Aside from your owned media, there’s always the chance of organic media coverage, depending on what kind of brand you work for; this should a particular consideration for consumer goods organizations. A tweet from an influencer, or a mention in the news can create website-crushing spikes in public interest. Are you prepared to welcome that amount of traffic into your website all at once with zero notice? If not, do you have a virtual waiting room at the ready to keep your site online?
Negative consequences of not having enough capacity
Let’s say your website is not ready for an unexpected peak of traffic. What’s the worst that can happen?
Quite a few things, as it turns out. First, if there are more visitors making requests to access your site than you have capacity to serve, the site is going to slow down. Studies have consistently shown that customers are less likely to stick around and make purchases on a slow website. Always pay close attention to how peak traffic affects website performance and response times.
Every site has different bottlenecks when they start getting flooded with requests and will break in different ways. You might find that images stop loading, or payments stop processing. There’s a myriad of functional issues that could be caused by an overloaded website, many of which have a direct impact on customers.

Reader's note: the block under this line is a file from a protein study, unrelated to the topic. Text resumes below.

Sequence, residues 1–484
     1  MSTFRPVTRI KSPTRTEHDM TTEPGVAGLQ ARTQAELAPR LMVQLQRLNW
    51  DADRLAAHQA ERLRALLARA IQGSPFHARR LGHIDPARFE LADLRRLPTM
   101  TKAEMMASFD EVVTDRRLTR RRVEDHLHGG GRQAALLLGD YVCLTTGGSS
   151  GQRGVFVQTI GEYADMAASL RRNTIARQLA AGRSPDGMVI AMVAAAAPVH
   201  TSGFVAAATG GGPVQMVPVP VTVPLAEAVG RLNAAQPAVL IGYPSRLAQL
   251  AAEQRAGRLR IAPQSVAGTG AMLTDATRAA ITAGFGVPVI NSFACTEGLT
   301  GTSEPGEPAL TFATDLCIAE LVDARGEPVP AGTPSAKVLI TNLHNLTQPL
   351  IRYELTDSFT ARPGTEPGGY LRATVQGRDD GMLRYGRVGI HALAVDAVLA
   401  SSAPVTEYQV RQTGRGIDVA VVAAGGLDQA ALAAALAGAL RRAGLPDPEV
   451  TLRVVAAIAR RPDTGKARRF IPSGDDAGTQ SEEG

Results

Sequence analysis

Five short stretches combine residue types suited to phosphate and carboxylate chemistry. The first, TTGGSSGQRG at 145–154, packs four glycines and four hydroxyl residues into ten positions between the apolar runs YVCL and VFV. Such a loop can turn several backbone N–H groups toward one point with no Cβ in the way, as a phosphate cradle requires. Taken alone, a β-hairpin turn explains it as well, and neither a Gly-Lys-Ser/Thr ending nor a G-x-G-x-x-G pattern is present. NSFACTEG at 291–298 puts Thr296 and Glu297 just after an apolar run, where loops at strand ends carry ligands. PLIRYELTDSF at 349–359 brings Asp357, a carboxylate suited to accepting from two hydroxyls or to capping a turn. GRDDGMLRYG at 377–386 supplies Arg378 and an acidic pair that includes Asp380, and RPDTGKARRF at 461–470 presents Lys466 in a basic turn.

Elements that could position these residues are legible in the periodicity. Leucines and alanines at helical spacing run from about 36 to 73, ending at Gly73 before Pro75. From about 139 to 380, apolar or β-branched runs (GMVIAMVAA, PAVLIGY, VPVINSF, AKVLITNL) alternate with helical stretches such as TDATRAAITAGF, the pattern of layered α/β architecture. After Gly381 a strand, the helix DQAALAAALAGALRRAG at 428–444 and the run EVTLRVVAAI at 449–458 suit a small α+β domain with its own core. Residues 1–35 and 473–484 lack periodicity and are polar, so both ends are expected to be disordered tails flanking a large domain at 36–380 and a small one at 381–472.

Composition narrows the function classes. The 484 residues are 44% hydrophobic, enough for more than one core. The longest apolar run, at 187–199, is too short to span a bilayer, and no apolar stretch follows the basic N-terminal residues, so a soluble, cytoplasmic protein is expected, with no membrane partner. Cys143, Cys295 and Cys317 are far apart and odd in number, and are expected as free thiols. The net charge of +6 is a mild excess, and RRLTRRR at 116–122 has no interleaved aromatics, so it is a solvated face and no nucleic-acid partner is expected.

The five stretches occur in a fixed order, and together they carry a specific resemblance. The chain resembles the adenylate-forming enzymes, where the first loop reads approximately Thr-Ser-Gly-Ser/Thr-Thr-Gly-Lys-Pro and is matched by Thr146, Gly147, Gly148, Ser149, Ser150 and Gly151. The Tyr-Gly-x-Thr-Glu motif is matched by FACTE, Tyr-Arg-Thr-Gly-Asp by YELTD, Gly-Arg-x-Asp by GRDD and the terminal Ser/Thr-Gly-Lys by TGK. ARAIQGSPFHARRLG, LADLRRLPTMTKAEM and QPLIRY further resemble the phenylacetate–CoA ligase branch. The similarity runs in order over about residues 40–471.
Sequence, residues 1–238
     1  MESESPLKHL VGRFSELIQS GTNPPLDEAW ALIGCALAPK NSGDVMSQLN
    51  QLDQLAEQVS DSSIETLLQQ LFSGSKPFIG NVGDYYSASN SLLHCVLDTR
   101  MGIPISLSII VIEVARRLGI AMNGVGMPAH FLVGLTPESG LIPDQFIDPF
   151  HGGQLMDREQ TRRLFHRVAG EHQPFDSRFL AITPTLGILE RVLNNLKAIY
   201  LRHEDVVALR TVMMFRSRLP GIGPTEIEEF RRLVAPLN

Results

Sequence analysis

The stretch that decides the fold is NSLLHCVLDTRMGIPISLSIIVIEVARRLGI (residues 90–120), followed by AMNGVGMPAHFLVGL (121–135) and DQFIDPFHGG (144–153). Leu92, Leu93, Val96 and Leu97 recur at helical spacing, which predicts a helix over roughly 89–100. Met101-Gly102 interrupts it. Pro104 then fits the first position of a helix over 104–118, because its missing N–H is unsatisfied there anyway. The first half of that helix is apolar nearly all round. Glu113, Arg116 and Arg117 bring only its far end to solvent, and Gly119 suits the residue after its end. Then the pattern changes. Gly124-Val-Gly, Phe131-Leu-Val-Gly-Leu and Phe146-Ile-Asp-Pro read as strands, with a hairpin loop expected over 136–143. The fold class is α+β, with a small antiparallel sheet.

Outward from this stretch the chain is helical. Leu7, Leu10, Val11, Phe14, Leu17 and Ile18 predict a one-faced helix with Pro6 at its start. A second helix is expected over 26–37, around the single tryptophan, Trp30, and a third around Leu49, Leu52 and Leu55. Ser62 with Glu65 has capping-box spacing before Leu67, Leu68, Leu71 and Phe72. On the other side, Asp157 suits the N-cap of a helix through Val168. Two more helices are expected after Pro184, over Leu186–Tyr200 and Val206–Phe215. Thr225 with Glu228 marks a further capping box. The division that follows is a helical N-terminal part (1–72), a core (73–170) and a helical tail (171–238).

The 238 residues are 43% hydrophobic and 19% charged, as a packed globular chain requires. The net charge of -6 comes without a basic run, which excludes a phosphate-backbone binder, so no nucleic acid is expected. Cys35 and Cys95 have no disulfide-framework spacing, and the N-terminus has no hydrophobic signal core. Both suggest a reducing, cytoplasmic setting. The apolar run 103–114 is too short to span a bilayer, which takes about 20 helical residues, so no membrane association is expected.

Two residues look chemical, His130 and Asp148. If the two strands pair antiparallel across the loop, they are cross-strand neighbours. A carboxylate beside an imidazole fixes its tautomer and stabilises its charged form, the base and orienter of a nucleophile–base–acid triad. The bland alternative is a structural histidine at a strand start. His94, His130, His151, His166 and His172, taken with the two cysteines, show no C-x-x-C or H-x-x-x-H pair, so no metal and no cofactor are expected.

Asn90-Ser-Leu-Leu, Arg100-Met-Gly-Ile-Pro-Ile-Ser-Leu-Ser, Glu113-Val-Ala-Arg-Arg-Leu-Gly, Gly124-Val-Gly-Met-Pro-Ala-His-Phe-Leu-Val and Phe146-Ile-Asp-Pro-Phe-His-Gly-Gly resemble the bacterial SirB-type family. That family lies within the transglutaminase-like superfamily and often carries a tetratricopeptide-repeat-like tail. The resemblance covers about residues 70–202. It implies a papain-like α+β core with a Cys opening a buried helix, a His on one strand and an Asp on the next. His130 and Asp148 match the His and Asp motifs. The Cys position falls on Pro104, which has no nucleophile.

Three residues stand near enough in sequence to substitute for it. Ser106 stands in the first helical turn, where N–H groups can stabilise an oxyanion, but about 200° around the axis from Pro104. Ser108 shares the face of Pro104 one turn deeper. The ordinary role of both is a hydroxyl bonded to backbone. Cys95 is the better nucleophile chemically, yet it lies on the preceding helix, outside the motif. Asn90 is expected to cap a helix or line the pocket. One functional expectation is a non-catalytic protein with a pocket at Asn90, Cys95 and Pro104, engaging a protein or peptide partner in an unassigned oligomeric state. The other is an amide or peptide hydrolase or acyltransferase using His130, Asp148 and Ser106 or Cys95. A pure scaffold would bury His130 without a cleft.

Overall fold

And how are customers impacted, exactly? Well, they will get frustrated. People are much more likely to tell their friends (or strangers on social media and your Google reviews page) about a bad experience than a good one. This hurts your reputation and can even lead to bad press; you don’t want to be publicly called out for your website breaking at a critical moment.
Ultimately all these things lead to lost customers and have a detrimental impact on your revenue – exactly the opposite of your business goals during peak times.
How to test your website’s capacity
To avoid this, you need to ensure your website has enough capacity to handle as much traffic as you might possibly get during peak times.
Before you can do this, you need to first load test what your platform is capable of. The first step is to decide what exactly you are testing – in other words, the specific scenarios you are expecting. These user journeys will form the basis of your test scripts.